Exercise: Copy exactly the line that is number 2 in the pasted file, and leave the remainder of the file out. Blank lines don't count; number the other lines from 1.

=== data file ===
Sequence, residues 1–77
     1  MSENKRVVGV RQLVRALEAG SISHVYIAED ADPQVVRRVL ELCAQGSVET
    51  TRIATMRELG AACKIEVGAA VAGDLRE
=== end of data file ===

     1  MSENKRVVGV RQLVRALEAG SISHVYIAED ADPQVVRRVL ELCAQGSVET